I can’t sleep.
I have picked almost all the “fearless” nail polish off the edges of my fingertips, stared out into the familiar shadows of my room, heard the rain and its ceasing. I have gotten up for water, decided against it, taken a sip straight from the faucet. I’ve heard my floorboards creak as I pace, catch my toe against the edge of my bed, felt the sharp sting, yelped.
I can’t sleep because there is a ghost in my room.
She sits down at the edge of my bed, takes in my twisted sleep positions, nudges me awake. I look at her, this ghost of all the things I should have been. She is the anxious ghost, who at 3am has kept me awake wondering if, in fact, I sent that grant in the right way. Wondering if, in fact, five or six months ago I should have played a different game, read a different set of signals, cared less and calculated more. Wondering if, in fact…
all of it might have been meant to be otherwise.
She is a Hilary I keep banishing. For how can any of us know what might have been? Wasn’t that the first lesson Aslan taught those children in Narnia? “To know what would have happened, child? No. Nobody is ever told that.” We are never told the stories that are not spun, the ghost ships that never sailed, the result of the left turn when we took the right.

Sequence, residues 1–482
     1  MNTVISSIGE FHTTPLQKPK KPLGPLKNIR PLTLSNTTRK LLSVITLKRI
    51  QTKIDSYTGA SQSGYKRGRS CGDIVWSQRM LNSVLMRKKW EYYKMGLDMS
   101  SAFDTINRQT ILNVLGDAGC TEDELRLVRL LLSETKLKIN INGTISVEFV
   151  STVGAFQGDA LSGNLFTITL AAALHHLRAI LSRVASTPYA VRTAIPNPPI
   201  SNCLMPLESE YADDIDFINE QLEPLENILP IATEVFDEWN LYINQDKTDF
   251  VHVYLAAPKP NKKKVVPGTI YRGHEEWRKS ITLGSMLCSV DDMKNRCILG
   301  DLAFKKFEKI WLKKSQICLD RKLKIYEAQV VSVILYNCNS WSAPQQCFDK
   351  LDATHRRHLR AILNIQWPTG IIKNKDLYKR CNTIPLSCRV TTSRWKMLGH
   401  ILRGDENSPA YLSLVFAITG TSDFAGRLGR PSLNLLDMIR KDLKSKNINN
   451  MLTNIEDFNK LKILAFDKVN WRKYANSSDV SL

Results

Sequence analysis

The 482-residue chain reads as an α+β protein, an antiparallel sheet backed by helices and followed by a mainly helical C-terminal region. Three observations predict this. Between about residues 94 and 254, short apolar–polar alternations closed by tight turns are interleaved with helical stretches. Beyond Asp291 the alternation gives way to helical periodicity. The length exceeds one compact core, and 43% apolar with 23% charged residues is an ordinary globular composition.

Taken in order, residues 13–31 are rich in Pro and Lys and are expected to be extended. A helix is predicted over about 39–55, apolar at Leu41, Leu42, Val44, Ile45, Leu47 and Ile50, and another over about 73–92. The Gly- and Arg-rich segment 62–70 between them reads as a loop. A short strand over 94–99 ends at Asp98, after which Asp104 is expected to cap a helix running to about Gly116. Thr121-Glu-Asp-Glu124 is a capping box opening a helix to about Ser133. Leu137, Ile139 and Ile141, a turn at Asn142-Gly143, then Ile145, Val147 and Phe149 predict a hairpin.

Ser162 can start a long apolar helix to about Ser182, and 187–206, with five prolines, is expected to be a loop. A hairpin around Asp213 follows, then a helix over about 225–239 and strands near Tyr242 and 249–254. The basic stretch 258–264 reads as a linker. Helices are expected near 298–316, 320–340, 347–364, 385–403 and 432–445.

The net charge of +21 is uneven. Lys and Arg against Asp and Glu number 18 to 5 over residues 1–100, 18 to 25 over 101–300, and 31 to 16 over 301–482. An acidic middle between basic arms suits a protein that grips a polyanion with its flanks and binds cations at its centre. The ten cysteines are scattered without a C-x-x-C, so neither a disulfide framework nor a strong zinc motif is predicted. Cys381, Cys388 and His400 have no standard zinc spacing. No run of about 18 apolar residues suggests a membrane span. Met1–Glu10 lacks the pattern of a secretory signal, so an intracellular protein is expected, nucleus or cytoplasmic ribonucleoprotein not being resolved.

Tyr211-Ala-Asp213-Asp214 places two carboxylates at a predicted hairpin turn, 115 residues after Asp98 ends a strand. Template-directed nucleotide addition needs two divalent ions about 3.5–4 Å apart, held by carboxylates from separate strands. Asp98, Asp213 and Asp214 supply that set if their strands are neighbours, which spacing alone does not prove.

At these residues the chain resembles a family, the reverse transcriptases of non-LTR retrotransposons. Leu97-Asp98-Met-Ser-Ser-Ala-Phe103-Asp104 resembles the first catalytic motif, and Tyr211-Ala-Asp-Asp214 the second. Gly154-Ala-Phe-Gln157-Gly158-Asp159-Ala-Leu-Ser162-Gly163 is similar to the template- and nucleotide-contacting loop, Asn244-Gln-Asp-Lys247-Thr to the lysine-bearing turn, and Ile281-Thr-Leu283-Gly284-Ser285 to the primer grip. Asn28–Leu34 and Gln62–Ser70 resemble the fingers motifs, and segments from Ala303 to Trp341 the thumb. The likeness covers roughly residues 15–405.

She is the ghost of control: the ghost who imagines she knows better. The ghost of if only I had thought before… The ghost of 3am and rain.
So I sit up in bed, scattering a warm grey cat and a few pillows in my haste. I fumble with the passcode, fingers touching the screen in search of Dustin, click play, close my eyes.
He tells me “We Move Lightly.”
He plays the repetition back to the ghost on the edge of my bed. The humble kind of piano: gentle and sure, questioning and yet steady. My best friend can always predict the parts of music I love best – the ones that sneak up to the very highest notes, played gently. The moment when strings enter, playing that long note, trembling and vulnerable. He plays, and I listen.
Because our stories are thousands of threads woven and frayed, beginning and ending outside of us, and the ghosts that worry at 3am fall silent in the face of what is truly beautiful.
Because we are never told what might have been, would have been. In this music, we grow the wings to carry us into what will happen. We become free: lost in something bigger than ourselves, found in the thousand threads.
He plays the seventh time, and I fall asleep, winged.